Germany is looking for its role on the world stage. But the dispute between Kramp-Karrenbauer and Maas shows that the coalition lacks a common line – but why is that?
By Christian Feld, ARD-Hauptstadtstudio Berlin
On the wall behind Heiko Maas hangs a larger than life heart, which consists of innumerable other small hearts. The Foreign Minister is visiting Malteser Hilfsdienst in Budapest earlier this week. Contemporary witnesses present photos from the days when they supplied fleeing GDR citizens here. That's 30 years ago. It is laughed. Big words. The dispute at home with the Minister of Defense seems far away.
It's a quarrel that makes cracks in the grand coalition visible. The governing parties agree in principle that Germany should become more involved on the world stage. In 2014, the then Federal President Joachim Gauck had demanded that.
But how exactly? How much does the Federal Government want to get involved in the many crises and conflicts worldwide? What can it oppose to the demonstration of power by Vladimir Putin and Recep Tayyip Erdogan, who have created facts in Syria according to their rules of the game?
Noise in the cabinet
For a good three weeks, German foreign policy has been a subject of intense debate. Defense Minister Annegret Kramp-Karrenbauer of the CDU had been poaching with her protection zone thrust for northern Syria on the ground of the foreign minister. Not a fine move, especially since she had informed him extremely short notice and only by SMS.
The SPD man Maas was first publicly announcing his mood in Germany. Then he traveled to his Turkish counterpart. There he called – asked by a reporter – again the thrust of the cabinet colleague as "theoretical" and "unrealistic". Maas would have spared a lot of criticism had he simply left the question in Ankara unanswered.
For Wolfgang Ischinger, head of the Munich Security Conference, this conflict reveals the "level of frustration within the coalition," which struggles to find a common line on such issues. Apart from the concrete implementation, Kramp-Karrenbauer earned praise for trying to "bring some life into the shed and make a suggestion", says the former top diplomat in an interview with the Report from Berlin,
Foreign Minister defends his policy
Germany is looking for its role in the world, and the federal government does not speak with one voice. On the one hand there is Maas, whom many critics consider a weak foreign minister with a lack of initiative. Even politicians of the governing party CDU recently railed in public.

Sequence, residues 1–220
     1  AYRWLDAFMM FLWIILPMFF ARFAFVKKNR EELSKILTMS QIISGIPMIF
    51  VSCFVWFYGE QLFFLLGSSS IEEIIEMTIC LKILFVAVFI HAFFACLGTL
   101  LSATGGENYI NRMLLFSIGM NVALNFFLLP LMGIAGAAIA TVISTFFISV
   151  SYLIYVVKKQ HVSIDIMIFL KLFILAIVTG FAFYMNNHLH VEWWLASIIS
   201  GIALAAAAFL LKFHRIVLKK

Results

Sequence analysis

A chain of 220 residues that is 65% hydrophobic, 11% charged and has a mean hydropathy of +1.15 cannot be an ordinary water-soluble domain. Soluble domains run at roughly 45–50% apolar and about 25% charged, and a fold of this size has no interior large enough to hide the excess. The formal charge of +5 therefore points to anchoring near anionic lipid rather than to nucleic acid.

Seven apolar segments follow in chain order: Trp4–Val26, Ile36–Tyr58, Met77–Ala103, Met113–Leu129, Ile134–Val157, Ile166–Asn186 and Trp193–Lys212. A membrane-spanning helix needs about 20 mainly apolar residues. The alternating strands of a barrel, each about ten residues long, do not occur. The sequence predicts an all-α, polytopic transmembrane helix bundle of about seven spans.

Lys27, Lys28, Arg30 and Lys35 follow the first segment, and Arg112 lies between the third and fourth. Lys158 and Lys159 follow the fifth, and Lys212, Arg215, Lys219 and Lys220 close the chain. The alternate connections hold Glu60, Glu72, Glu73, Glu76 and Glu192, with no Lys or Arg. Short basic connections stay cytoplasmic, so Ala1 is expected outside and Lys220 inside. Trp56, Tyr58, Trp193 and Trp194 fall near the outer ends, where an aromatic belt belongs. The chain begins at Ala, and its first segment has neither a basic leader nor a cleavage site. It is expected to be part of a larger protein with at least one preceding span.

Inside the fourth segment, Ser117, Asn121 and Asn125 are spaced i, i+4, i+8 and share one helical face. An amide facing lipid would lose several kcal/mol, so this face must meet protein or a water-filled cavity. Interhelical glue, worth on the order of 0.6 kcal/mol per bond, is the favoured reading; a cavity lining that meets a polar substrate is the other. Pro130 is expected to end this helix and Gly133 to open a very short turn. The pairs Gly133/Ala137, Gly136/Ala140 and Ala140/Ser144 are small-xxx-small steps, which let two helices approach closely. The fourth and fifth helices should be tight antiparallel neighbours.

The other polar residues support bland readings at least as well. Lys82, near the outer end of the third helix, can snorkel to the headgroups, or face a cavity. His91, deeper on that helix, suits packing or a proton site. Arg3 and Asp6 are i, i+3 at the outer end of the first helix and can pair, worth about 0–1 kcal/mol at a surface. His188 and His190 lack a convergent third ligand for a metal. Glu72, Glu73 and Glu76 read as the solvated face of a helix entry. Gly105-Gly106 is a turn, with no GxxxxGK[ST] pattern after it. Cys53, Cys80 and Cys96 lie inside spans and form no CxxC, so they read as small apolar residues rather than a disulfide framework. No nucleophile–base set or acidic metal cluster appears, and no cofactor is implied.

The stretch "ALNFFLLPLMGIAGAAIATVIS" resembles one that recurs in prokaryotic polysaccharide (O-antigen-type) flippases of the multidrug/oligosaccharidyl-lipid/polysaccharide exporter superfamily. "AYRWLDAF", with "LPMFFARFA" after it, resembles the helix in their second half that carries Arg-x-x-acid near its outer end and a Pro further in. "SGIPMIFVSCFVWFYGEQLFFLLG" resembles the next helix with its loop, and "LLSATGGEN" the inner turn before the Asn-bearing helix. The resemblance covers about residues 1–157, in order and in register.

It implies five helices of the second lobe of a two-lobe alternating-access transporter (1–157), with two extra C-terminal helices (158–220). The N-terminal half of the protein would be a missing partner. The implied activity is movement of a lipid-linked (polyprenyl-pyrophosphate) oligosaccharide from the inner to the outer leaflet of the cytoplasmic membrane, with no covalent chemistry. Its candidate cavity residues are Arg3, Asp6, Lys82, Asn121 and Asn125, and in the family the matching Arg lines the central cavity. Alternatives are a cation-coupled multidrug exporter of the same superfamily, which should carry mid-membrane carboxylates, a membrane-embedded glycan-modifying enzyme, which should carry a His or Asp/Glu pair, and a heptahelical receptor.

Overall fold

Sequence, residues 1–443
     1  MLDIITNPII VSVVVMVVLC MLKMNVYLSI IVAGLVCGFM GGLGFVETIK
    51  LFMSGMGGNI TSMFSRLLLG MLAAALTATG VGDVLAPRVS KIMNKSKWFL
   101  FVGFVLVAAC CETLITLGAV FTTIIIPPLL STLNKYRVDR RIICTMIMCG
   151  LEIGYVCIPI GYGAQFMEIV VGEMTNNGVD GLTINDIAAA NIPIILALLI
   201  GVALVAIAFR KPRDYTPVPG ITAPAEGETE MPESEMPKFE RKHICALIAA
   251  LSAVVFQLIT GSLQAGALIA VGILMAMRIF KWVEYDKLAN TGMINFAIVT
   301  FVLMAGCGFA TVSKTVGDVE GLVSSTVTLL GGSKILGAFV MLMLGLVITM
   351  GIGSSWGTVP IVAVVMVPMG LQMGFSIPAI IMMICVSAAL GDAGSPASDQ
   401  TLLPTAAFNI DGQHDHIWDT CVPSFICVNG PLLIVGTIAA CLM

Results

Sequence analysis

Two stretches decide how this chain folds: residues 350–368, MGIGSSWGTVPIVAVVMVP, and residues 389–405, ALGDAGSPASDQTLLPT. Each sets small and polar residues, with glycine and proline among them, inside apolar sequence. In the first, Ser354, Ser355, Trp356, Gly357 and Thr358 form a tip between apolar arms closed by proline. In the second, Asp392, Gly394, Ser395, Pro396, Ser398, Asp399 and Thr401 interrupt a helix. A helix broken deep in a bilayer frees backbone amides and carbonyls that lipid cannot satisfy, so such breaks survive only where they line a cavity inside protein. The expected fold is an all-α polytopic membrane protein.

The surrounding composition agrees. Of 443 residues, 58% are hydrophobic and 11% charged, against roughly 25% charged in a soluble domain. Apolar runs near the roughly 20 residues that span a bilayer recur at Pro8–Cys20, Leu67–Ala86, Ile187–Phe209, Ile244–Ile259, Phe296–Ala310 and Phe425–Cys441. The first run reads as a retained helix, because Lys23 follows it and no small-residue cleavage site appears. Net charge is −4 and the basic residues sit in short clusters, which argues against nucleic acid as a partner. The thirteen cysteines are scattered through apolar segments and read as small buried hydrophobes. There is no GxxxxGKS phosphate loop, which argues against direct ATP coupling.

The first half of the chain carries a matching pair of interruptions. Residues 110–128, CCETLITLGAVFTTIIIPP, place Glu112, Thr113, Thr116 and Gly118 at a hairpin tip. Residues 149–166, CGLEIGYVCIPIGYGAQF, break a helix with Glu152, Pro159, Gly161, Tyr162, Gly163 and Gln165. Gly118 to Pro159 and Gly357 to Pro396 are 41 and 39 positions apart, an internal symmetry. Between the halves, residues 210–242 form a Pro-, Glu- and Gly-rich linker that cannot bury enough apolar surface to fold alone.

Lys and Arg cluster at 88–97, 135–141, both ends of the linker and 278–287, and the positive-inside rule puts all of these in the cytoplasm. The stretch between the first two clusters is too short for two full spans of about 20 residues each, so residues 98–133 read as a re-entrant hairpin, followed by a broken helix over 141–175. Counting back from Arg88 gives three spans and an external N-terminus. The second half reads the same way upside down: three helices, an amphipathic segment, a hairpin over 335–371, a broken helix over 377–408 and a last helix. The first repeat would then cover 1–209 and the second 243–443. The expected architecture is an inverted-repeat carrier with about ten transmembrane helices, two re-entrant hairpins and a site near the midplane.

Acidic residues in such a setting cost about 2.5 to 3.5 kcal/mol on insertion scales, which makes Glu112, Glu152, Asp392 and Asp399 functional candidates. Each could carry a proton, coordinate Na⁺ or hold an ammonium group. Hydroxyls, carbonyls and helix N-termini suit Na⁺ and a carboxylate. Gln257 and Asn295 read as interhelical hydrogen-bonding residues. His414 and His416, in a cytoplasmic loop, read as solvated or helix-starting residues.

Maas holds against it: "The German foreign policy is at the moment in a way internationally active, as that has not been so long zusammengeballt." Libya, which he recently visited, is just one example. Maas tries to forge alliances, stirs the drum for multilateralism and international cooperation: Ukraine, Iran, Afghanistan – the processes are laborious and rarely make headlines.
Minister of Defense on the offensive
Defense Minister and CDU leader Kramp-Karrenbauer has been actively seeking the limelight. The proposal for a protection zone in Syria was followed by a keynote speech at the University of the Bundeswehr on Thursday – cleverly placed before the US Foreign Minister's visit to Germany.
Sometimes their suggestions are not entirely new, sometimes they remain vague. But Kramp-Karrenbauer wants to send an offensive signal, demands the courage to assume the "role of the power of shaping" and the readiness to "exploit the range of military means – if necessary – together with our allies and partners." With their own people in the Union faction such sounds are well received.
But do they also help against the recent sharp decline in approval ratings in the population? In the youngest ARD Germany Trend Only 18 percent of Germans are satisfied with Kramp-Karrenbauers work.
And Angela Merkel? Although rejected the diagnosis of the French President, the NATO "brain death" certified. And US Secretary of State Pompeo promised her on Friday in Berlin an "active role" of Germany. The Chancellor publicly left the conflict between Kramp-Karrenbauer and Maas uncommented. She spoke no word of power.
Skeptical coalition partner
In the case of increased deployment of the Bundeswehr, the Union must at least expect resistance from parts of its coalition partner SPD.
Example: the use in the fight against the terrorism IS. Foreign Minister Maas had already signaled early on that he considered an extension of the mandate necessary. Group leader Rolf Mutzenich gave up his negative attitude until much later.
Ischinger says: "If it is true that the threat or use of military power by parts of your own government coalition is actually excluded most from the outset, then this is of course not a vitamin boost for the power of German foreign policy."